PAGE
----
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Donatella Barbieri

Title
Principle Lecturer: Performance
College
London College of Fashion
Tags
Researcher Research
Donatella  Barbieri

Biography

Scholar and scenographer Donatella Barbieri publishes extensively, lectures publically, presents work in international exhibitions, curates events and devises performances around costume. She has pioneered methodologies of designs which have, through MA graduates, extended their influence internationally. These methodologies emerge from three research projects: Designs for the Performer, AHRC-funded exhibition and masterclasses around ten critical costume designers, methodological research on the Laboratoire d’Étude du Mouvement and the LES-Forest costume-led performance collaboration with DAMU, Prague. The latter was made possible through the Teaching and Professional Practice Fellowship, awarded in support of the advancement of costume pedagogy at post-graduate level. In 2010 she was awarded the Joint Research Fellowship V&A and LCF, through which Costume in Performance: Materiality, Culture and the Body was written and is published by Bloomsbury Academic. At the V&A she founded Studies in Costume and Performance biannual research journal published by Intellect. She also produced the Encounters in the Archive research project on performativity and the archived costume. Recent practice includes Wearing Space at Prague Quadrennial 2015 and for Shakespeare in Ten Acts at the British Library the costume installation Ariel as Harpy which is also included in World Stage Design 2017, at Kuandu Museum of Fine Arts Taipei.

My research is driven by a fascination with the costumed body as it holds infinite potential to embody and articulate the human condition through performance. The intention is to advance knowledge around what costume is and does through research, writing, studio practice, performance-making and, when appropriate, though curation of events and through exhibition making. The Fellowship at the V&A has enabled me to research connected objects collected by the museum, which have permitted the articulation of the historical dimension of Costume in Performance: Materiality, Costume and the Body and the analysis of the interaction with archived costume in Encounters in the Archive. The museum space, a non-theatrical environment, foregrounded the narrative body in performances such as Revolutions in Costume, produced in the Raphael Cartoons Room in 2012.

Collaborative dialogues with colleagues nationally and internationally have been critical to this research: I’m a board member of the Society of British Theatre Designers, and I have contributed since 1999 to the Prague Quadrennial and to World Stage Design since 2013. For the latter I led the curation of Costume in Action, with thirty costume-centred events. Finally, Studies in Costume and Performance intends to advance knowledge by publishing writing by researchers from across the world.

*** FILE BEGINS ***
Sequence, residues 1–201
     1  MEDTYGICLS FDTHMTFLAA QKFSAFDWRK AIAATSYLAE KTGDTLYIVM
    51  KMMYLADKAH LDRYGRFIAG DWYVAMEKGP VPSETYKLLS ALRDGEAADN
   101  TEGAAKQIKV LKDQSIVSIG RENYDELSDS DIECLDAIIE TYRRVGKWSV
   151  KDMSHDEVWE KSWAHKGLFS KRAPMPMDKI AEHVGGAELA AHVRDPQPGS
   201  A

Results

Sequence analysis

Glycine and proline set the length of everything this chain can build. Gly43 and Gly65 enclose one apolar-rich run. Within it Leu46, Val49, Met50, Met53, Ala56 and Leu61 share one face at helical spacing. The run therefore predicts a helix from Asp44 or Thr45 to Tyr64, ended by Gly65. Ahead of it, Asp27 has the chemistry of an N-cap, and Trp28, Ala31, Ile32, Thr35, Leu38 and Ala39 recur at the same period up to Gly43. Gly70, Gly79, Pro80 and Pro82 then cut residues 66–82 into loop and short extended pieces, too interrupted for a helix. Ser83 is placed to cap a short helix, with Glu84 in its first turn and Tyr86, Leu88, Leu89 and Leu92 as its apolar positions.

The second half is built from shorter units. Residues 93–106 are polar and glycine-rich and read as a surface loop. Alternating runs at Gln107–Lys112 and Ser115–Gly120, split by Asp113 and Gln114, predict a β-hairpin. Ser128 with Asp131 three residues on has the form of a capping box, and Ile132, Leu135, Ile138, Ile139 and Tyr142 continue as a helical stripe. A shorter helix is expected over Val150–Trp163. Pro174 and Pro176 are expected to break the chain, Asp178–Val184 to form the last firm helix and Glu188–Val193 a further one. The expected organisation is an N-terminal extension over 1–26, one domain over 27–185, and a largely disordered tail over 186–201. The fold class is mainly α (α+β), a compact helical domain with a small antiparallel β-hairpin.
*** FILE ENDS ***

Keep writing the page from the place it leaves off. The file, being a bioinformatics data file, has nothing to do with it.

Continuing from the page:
Grants and awards

(Figures indicate amount awarded to UAL)

  • LCF Research Project Funding, Material Interactions

Teaching

Current research students

  • Kamaira Anderson, Theorising Hip-Hop and Street Dance from London to Los Angeles through Clothing, Community, and Chorus (Lead supervisor)
  • Matteo Augello, How Italian fashion is collected, preserved and analysed: unfolding the relationship between scholarship and production in the establishment of fashion collections in Italy, 1995-2015. (Lead supervisor)
  • Lisa Colpaert, ‘Screen-to-measure: A practice-based, archival and textual investigation of Edith Head’s film costume designs in 1940s ‘film noir’’ (Lead supervisor)
  • Michéle Danjoux, Design in motion: Choreosonic Wearables in Performance. (Lead supervisor)
  • Berthe Fortin, Ritual Created Around the Crafting of Costume (Lead supervisor)
  • Berthe Fortin, Material embodiment: Ecological costume design for performance. (Lead supervisor)
  • Jennifer Hayton, The archived costume object: the transfer and translation of historical and contemporary costume design practices through the costumes in the Central Saint Martin’s Museum and Study Collection Theatre Archives. (Lead supervisor)
  • Ilaria Martello, Space, Body, Costume: A reframing of costume as a spatial and temporal dynamic in contemporary ballet. (Lead supervisor)
  • Cassandra Schreiber, Expressions of gender in remakes (Lead supervisor)
  • Jo Simpson, Exploring collaborations in hidden communities of practice involved in the changing nature of the fashion catwalk show (Lead supervisor)
  • Johan Stjernholm, A synthesis of aesthetic embodied practices, dress, and cybernetics through western theatrical dance. (Lead supervisor)